Professor Andrew Fabian from Cambridge’s Institute of Astronomy has been awarded the 2020 Kavli Prize in Astrophysics, one of the world’s most prestigious science prizes.
Professor Fabian is one of seven scientists from five countries honoured for breakthrough discoveries in astrophysics, nanoscience and neuroscience.
The Norwegian Academy of Science and Letters today announced the 2020 Kavli Prize Laureates in the fields of astrophysics, nanoscience and neuroscience. This year’s Kavli Prize honours scientists whose research has transformed our understanding of the very big, the very small and the very complex. The laureates in each field will share $1million USD.
“The 2020 Kavli Prize Laureates represent truly pioneering science, the kind of science which will benefit humanity in a profound way, inspiring both current and future generations,” says Hans Petter Graver, president of The Norwegian Academy of Science and Letters.
The Kavli Prize in Astrophysics is awarded to astronomer and astrophysicist Andrew Fabian for his pioneering research and persistence in pursuing the mystery of how black holes influence their surrounding galaxies on both large and small scales. For decades, researchers have pondered the mechanics and physical processes of galaxies, and many have made discoveries that point to aspects of their inner workings; yet none has the unique vantage point of Fabian: to take a multi-scale understanding and systematically know where to look to put the pieces of the puzzle together and create the bigger picture of this vast ecosystem.
In the current cosmological paradigm, the universe is a ‘living’ system, in which the flows of gas into galaxies and black holes at their centres, and the subsequent release of energy back into the galaxies and their surroundings, all play vital roles. As the darkest objects in the universe, black holes are observed as their gravity attracts surrounding gas, dust and stars, which swirl into them at high velocities, creating intense radiation, much of it X-rays. Observational X-ray astronomy opened up access to view these and other extremely hot and energetic components of the universe, providing stunning evidence for these processes at work, unveiling how the major constituents of the universe can profoundly influence its overall evolution.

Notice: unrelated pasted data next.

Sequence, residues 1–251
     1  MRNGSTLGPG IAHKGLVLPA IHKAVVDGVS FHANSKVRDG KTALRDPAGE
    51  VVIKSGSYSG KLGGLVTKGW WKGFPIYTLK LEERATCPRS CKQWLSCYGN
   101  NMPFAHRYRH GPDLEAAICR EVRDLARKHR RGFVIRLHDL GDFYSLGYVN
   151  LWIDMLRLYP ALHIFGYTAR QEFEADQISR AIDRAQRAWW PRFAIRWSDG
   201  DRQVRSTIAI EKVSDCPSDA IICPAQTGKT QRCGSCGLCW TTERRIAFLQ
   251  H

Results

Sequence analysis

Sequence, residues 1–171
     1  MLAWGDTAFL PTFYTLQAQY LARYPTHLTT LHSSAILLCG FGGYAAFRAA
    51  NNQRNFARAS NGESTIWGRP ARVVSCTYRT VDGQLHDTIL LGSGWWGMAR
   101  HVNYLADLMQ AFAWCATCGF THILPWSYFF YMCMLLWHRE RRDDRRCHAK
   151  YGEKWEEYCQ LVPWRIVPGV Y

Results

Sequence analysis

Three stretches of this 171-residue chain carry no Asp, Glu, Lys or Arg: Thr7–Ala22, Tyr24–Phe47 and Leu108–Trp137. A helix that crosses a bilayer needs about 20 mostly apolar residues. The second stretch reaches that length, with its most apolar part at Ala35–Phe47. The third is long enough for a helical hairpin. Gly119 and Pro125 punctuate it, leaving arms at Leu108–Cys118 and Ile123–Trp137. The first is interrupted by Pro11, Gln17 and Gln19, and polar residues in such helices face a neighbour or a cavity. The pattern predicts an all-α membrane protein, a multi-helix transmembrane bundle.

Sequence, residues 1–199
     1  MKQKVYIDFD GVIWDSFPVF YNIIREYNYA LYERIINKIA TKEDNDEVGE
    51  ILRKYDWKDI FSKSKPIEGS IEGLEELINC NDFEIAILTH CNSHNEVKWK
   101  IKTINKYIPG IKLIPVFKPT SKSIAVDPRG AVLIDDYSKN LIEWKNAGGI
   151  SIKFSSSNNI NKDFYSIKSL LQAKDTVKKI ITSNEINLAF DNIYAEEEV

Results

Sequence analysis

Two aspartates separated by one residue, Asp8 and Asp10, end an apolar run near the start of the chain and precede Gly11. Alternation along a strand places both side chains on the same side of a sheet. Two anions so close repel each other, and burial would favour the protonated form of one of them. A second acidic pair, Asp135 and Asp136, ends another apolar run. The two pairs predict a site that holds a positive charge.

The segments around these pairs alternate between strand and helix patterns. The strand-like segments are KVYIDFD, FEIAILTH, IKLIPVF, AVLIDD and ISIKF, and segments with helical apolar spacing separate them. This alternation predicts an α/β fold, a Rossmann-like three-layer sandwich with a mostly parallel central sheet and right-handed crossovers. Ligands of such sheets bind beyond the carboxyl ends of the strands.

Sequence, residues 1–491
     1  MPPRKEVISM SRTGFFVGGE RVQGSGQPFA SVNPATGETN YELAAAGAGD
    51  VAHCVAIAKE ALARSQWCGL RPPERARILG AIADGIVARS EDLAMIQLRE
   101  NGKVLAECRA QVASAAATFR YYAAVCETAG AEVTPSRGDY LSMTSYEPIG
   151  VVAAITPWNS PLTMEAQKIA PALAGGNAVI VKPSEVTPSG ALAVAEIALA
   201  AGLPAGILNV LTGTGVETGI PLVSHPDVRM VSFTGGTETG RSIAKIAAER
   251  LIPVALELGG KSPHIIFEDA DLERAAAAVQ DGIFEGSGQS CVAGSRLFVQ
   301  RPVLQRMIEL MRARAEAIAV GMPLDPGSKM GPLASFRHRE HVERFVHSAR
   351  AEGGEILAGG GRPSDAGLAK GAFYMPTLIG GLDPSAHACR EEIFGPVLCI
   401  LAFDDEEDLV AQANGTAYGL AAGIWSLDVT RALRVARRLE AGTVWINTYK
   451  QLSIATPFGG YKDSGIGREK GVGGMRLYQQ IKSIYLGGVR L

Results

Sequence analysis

Professor Fabian employs X-ray astronomy to explore the physics of the universe. His body of work – from understanding large-scale galactic evolution to the physics of black holes at the centres of galaxies – enabled him to make connections between local conditions around supermassive black holes and the larger gas flows within and between galaxies. This research provided evidence that supermassive black holes at the heart of galaxies are the engines that drive the flow of hot gas out of the galaxy, redistributing energy through the universe and providing the building blocks for future galaxy formation.
“Andrew Fabian is one of the most prolific and influential astronomers of our time,” said Viggo Hansteen, chair of the Kavli Prize Committee in Astrophysics. “His research, breadth of knowledge and insights into the universe provided the essential physical understanding of how disparate phenomena in this ecosystem are interconnected.”
The Kavli Prize is a partnership between The Norwegian Academy of Science and Letters, the Norwegian Ministry of Education and Research and The Kavli Foundation (US). The Kavli Prize honours scientists for breakthroughs in astrophysics, nanoscience and neuroscience that transform our understanding of the very big, the very small and the very complex. Three million-dollar prizes are awarded every other year in each of the three fields. The Norwegian Academy of Science and Letters selects the laureates based on recommendations from three prize committees whose members are nominated by The Chinese Academy of Sciences, The French Academy of Sciences, The Max Planck Society of Germany, The U.S. National Academy of Sciences and The UK’s Royal Society. First awarded in 2008, The Kavli Prize has honoured 54 scientists from 13 countries – Austria, Czech Republic, France, Germany, Japan, Lithuania, The Netherlands, Norway, Russia, Sweden, Switzerland, the United Kingdom and the United States.
This year’s Kavli Prize Laureates also include Ondrej L Krivanek, who obtained his PhD from Trinity College, Cambridge, and is now based in the United States. He was awarded the Kavli Prize in Nanoscience, along with Harald Rose (Germany), Maximilian Haider (Austria), Knut Urban (Germany).
David Julius (US) and Ardem Patapoutian (US) were awarded the Kavli Prize in Neuroscience.
The Kavli Prize Laureates are typically celebrated in Oslo, Norway, in a ceremony presided over by His Majesty King Harald followed by a banquet at the Oslo City Hall, the venue of the Nobel Peace Prize. Due to the COVID-19 pandemic, this year’s award ceremony is postponed and will be held together with the 2022 award ceremony in September 2022.